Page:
• Can you share the link to the presentation you quoted? – Brian Cline Feb 27 '16 at 1:03
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    @BrianCline You probably don't need this anymore, but I also wanted it and I think I found it: slideshare.net/Arbow/scalable-networking (slide 33) – Piyin Aug 16 '17 at 22:25
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A limit on the number of open sockets is configurable in the /proc file system

cat /proc/sys/fs/file-max

Max for incoming connections in the OS defined by integer limits.

Linux itself allows billions of open sockets.

To use the sockets you need an application listening, e.g. a web server, and that will use a certain amount of RAM per socket.

RAM and CPU will introduce the real limits. (modern 2017, think millions not billions)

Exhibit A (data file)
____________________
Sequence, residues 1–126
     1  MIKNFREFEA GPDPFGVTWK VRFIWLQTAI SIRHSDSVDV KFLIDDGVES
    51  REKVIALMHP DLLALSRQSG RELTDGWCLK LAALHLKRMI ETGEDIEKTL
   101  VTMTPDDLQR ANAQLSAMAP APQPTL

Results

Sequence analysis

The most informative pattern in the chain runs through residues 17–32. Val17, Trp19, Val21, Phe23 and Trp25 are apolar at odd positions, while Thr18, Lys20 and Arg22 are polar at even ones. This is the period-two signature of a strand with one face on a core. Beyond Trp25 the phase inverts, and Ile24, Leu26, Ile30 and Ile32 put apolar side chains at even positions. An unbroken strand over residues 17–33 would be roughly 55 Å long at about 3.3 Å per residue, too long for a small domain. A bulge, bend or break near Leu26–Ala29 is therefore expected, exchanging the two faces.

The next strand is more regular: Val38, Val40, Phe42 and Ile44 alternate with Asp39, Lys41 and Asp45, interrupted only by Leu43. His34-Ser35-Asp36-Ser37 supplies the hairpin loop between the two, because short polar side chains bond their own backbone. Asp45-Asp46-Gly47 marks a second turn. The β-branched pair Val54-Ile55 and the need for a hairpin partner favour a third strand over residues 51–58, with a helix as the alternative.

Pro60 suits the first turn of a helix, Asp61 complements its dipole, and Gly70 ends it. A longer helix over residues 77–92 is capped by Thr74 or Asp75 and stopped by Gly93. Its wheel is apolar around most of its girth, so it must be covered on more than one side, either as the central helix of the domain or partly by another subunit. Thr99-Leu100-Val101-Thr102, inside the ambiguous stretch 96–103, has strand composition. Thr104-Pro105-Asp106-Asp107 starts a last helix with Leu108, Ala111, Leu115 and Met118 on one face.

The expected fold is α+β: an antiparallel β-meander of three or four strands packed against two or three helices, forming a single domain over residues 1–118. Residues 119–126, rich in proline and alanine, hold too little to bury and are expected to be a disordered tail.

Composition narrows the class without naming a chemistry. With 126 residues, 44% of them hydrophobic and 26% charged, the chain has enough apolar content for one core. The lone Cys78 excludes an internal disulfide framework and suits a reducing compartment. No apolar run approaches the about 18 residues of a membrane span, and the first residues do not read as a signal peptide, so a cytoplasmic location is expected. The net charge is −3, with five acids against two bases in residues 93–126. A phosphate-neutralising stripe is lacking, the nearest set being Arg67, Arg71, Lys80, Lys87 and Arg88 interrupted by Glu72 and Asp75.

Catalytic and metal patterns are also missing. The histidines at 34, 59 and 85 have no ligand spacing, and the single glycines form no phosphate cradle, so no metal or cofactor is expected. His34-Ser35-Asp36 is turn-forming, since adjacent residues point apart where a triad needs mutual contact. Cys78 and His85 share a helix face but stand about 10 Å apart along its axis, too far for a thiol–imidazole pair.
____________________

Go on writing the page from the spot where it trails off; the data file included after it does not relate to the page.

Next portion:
1 millions is possible, not easy. Expect to use X Gigabytes of RAM to manage 1 million sockets.

Outgoing TCP connections are limited by port numbers ~65000 per IP. You can have multiple IP addresses, but not unlimited IP addresses. This is a limit in TCP not Linux.

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On Linux you should be looking at using epoll for async I/O. It might also be worth fine-tuning socket-buffers to not waste too much kernel space per connection.

I would guess that you should be able to reach 100k connections on a reasonable machine.

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depends on the application. if there is only a few packages from each client, 100K is very easy for linux. A engineer of my team had done a test years ago, the result shows : when there is no package from client after connection established, linux epoll can watch 400k fd for readablity at cpu usage level under 50%.

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Which operating system?